Reissue Spotlight

Published on October 1st, 2019 | by Justin G.

Alien: Alien 25 Year Anniversary (AOR Heaven, 2019)

Swedish melodic rockers Alien got off to an interesting start when they made their debut in 1988. The band, which featured guitar hotshot Tony Borg and vocalist Jim Jidhead, recorded and released their self-titled debut for the Scandinavian market, but Jidhead left the band before the album’s international release. The label apparently had high hopes for the album overseas, so as soon as Alien found a replacement for Jidhead (the excellent Pete Sandberg), they remixed the original album, swapped out a pair of songs for two new recordings with Sandberg, and gave it new cover artwork. So by 1989 there were two different Alien albums on the market for different regions. Alien didn’t help matters by releasing another totally different self-titled album in 1993, but that’s another matter.

On the debut Alien album, we’re introduced to a band that played a very polished and melodic brand of hard rock. You can tell they paid attention when Europe broke big with The Final Countdown. House Of Lords, King Kobra and Bonfire are other comparison points. The melodies are first-rate and the vocals are very smooth, and the whole thing (either version) seems tailor-made for late ‘80s movie soundtracks. “Tears Don’t Put Out The Fire” is the obvious single, but the surprisingly effective cover of the Gibb brothers’ penned “Only One Woman” was a hit in Sweden. On the US version, “Now Love” and The Hollies cover “The Air That I Breathe” showed what Sandberg could bring to the band.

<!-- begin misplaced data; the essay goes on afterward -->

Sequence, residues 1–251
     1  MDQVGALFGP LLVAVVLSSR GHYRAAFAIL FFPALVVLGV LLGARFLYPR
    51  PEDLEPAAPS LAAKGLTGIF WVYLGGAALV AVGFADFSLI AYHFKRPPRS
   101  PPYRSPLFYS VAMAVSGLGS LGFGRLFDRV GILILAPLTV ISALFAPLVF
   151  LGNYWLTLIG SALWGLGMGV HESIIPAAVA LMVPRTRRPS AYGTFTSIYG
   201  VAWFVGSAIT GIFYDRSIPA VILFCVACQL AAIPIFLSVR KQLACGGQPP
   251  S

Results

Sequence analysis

The US version of Alien, good as it was, didn’t make Alien the next Europe or Def Leppard here in the states. Big obnoxious hair metal was still very much the dominant style on radio and MTV, and Alien may have been too polished for that scene. They may not have been huge successes here, but Alien (and its follow-up album Shiftin’ Gear) remain classic examples of what was so great about the Scandinavian melodic rock sound in the ‘80s. Fans of Europe, Treat, Skagarack and the like should definitely check out Alien, especially now that it has been re-reissued.

Edition Notes: EMI finally brought both versions of Alien together in 2013 as a 2-disc 25 Year Anniversary release. It featured the original Scandinavian album plus a pair of early demos on one disc and the US version on disc 2. Both albums were remastered, and the liner notes provided some valuable insights into what was going on with the band at the time. It was a really well-done reissue set, but it came and went fairly quickly.

AOR Heaven issued a new version this year, and it’s essentially just a repressing of the 2013 version. They even kept the 25 Year Anniversary title despite the fact that the album is 31 now. The only noticeable change is that they slapped their logo on it. It was a great reissue to start with though, and it gives fans another chance to own these classic albums, so you can’t really fault them for their approach. If you missed this set the first time around, don’t let this one pass you by. AOR Heaven reissues tend to be small runs and disappear quickly.

Alien: Alien 25 Year Anniversary (AOR Heaven, 2019) Justin G.
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Summary: Swedish AOR royalty, re-reissued


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